Suicide is the second leading cause of death among 15- to 29-year-olds in China, and 60 % of suicidal patients have a history of depression. Previous brain imaging studies have shown that depression and suicide may be associated with abnormal activity in default mode network (DMN) regions. However, no study has specifically investigated the relationship between DMN functional activity and suicidal behavior in depressed individuals. Therefore, in the present study, we directly investigated features of DMN brain activity in adolescent patients with histories of depression and attempted suicide.
A total of 35 sex- and age-matched suicidal depressed patients were compared with 18 non-suicidal depressed patients and 47 healthy controls. We explored functional activity changes in DMN regions that could be associated with suicidal behavior by comparing resting-state functional magnetic resonance imaging (rs-fMRI) signals using independent component analysis (ICA). Scores on six clinical scales that measure depression severity (Hamilton Depression Scale (HDRS) and Beck Depression Inventory (BDI)) and suicidal traits (Barratt Impulsiveness Scale (BIS-11), Suicide Attitude Questionnaire (SAQ), Beck Hopelessness Scale (BHS), and Scale for Suicide Ideation (SSI)) were compared in the three groups.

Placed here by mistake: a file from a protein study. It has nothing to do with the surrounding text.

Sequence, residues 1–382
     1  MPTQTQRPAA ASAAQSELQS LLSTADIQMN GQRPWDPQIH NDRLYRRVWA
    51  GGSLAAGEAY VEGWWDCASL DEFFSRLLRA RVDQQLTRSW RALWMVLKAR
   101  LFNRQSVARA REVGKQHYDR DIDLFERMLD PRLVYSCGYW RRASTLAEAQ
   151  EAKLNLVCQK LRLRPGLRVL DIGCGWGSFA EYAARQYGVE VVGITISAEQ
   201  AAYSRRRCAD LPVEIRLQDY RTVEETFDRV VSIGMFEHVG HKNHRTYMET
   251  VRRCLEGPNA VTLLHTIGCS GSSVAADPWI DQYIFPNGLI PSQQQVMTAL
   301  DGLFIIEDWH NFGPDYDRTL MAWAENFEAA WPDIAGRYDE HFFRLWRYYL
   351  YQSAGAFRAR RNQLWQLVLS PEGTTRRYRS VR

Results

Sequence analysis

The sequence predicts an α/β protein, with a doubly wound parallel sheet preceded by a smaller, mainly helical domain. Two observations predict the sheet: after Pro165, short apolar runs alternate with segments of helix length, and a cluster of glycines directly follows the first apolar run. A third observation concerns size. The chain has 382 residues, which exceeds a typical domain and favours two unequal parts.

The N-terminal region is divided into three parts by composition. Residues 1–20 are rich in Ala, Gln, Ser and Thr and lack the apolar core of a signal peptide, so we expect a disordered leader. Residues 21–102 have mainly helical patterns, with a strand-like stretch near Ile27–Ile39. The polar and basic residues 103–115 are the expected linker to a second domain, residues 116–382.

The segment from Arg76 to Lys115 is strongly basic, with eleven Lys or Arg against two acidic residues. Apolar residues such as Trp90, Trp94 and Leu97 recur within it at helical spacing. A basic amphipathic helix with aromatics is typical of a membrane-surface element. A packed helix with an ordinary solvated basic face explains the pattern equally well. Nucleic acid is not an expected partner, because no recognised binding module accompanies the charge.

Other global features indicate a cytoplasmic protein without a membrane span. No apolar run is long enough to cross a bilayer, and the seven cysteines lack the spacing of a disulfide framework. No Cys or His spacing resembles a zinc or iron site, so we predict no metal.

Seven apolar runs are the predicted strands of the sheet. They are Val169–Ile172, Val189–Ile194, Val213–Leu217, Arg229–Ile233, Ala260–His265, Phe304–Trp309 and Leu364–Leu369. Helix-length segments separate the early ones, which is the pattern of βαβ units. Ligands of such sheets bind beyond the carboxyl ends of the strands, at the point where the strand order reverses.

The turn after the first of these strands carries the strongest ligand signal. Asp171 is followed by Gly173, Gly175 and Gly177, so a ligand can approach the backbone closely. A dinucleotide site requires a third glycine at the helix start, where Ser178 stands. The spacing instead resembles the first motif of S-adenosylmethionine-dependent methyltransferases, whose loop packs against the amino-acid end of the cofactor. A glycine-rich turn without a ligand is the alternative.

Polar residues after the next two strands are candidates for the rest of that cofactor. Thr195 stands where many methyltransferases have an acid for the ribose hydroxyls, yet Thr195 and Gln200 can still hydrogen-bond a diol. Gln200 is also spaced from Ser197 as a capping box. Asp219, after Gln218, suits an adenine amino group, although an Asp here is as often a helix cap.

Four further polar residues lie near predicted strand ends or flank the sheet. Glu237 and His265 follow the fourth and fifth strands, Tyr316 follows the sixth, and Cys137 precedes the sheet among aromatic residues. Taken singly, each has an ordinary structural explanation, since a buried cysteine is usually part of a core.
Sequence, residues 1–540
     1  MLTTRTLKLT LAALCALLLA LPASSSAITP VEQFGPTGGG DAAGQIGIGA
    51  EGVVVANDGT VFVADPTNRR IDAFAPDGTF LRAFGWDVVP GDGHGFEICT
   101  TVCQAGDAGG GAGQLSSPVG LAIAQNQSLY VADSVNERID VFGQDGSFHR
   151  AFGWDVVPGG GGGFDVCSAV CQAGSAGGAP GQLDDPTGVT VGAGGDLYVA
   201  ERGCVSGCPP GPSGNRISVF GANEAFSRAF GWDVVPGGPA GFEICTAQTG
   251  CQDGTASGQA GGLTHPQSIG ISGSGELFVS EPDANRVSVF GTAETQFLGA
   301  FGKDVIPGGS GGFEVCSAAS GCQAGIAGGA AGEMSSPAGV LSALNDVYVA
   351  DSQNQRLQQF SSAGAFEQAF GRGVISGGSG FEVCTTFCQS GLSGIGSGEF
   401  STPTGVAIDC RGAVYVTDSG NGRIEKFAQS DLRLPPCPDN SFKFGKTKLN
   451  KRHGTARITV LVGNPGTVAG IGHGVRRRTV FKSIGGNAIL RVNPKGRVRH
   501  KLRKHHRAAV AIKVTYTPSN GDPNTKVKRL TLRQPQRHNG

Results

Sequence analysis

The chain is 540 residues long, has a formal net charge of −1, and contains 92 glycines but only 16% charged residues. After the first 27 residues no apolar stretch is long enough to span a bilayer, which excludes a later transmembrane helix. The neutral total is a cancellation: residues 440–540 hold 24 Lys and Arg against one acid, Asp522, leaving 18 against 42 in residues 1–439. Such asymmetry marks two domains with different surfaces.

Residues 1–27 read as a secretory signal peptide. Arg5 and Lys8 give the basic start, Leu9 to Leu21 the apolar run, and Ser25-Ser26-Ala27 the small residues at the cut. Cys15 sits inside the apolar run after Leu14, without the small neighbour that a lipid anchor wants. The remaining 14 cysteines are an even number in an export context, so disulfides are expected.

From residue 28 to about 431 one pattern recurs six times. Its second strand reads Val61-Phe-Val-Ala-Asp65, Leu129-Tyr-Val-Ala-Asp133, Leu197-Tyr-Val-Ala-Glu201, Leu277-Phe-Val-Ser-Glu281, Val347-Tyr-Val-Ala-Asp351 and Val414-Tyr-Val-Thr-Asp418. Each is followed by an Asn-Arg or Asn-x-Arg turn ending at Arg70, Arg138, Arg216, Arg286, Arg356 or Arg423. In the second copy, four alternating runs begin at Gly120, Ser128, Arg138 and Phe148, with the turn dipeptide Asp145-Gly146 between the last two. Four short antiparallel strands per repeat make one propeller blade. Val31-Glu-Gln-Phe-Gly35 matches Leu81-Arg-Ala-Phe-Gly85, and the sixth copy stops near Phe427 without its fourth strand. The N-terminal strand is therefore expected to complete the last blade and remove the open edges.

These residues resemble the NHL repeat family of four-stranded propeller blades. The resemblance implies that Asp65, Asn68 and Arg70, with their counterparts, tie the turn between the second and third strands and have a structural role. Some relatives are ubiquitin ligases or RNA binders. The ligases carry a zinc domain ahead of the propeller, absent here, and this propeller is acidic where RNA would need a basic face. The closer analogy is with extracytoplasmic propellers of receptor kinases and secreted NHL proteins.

Compared with the healthy controls, all of the evaluated depressed patients showed increased functional connectivity in select DMN regions. The suicidal patients showed increased connectivity in the left cerebellum and decreased connectivity in the right posterior cingulate cortex (PCC), whereas the non-suicidal depressed patients showed increased connectivity in the left superior frontal gyrus, left lingual gyrus and right precuneus and decreased connectivity in the left cerebellum. Compared to the non-suicidal patients, the suicidal patients showed increased connectivity in the left cerebellum and the left lingual gyrus and decreased connectivity in the right precuneus. No differences in the scores of any clinical scales were found between the suicidal and non-suicidal depressed patients.
Collectively, our results highlight the importance of the DMN in the pathophysiology of depression and suggest that suicidal behavior in depressed adolescents may be related to abnormal functional connectivity in the DMN. In particular, abnormal connectivity in the PCC/precuneus and left cerebellum might be a predictor of suicidal behavior in depressed adolescent patients.